I'm not going to outline one specific pitch, but some of the things that we see, and I'm sure you've seen a lot as well, is the energy, is the passion. And when I say energy and passion, I'm not talking about someone coming on stage and really, you know, jumping up and down, smiling, really feeling on top of the world, nothing like that. It's just showing that you care about what you're talking about. So many people don't do that. So many people don't give us an impression or give us a feeling that they really into it. They're really caring about what they're sharing about their products. That comes through different things, it comes through the voice. It comes through clearly the nerves and anxiety, when that raises up that actually is a barrier as well. So we hear different things in the voice. We hear the croaky, dry throat voice as well. So it's those things there, often stop us from really showing our passion. The thing is before they go on stage, they really have to think about again, what kind of energy do they want? What is the energy sum, what is the style they want. What is the tone you want to be sharing? As soon as you start thinking about that and then you start feeling how you want to share your message, you actually in your brain, it's funny now if you started, sort of played out in your head and then going on stage and then you can start to share that. So without thinking about it, it's not going happen. If you come out with a little bit of energy, a little bit of passion, a little bit of, well quite a lot of focus, I would say. People will start to listen to you. People will want to listen to you. If you don't have that, why on earth should anybody listen to you?Andrew Grill:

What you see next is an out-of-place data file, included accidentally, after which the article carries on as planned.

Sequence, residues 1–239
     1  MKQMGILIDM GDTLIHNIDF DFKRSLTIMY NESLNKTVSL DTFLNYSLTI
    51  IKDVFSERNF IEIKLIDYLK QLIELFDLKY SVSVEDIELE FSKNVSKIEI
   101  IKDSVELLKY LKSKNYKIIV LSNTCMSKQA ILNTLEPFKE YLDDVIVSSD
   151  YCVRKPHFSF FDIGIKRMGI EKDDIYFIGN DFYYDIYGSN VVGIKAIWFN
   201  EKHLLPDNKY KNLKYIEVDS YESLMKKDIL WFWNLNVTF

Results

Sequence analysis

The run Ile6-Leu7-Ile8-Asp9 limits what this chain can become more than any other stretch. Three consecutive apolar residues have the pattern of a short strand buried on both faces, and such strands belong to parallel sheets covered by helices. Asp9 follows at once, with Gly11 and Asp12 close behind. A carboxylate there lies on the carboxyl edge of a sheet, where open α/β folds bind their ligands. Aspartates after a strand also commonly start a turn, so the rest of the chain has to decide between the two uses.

What can people do to get their nerves under control before that big presentation or pitch?Peter Hopwood:
In terms of the anxiety, in terms of reducing anxiety, there two kind of clear areas. It's the anxiety just before you go on. Just before you go on, just before you step on stage, that anxiety is often quite high. So that's one area. The other area is way, way, way before. So thinking about it now, let's say its in a couple of months, you're already thinking a little bit of anxiety is hitting you because you're already thinking about the anxiety just before you g o o n. So there's two different areas. The first one, just before you go on stage, it's actually getting your body ready. It's getting your mind ready, really feeling l ike y ou're g oing t o share value, so mimicking your body, which mimics someone that is calm, you then s tart become calmer. What do you do just before you go onstage?Andrew Grill:
I always work out what my first 90 seconds a nd my last 90 seconds will be and I want to nail that and I actually often I play video or do something where I can just reflect while the v ideo's playing and I kind of say, right, that's the 90 seconds away. We're off and running and I look at the audience and I know that I've delivered that first 90 seconds and that helps center me because I know exactly what I'm going to say the words. One thing I had to correct as a speaker though I used to be so excited o n s tage, I would speak really quickly and I speak quickly generally and so what I did, looking back at my videos, I could see this was distracting from the message, so I learned the art ... of the pause, and it just slows me down and it means I can deliver the message that has more impact. What are your top tips to own the p ause?Peter Hopwood: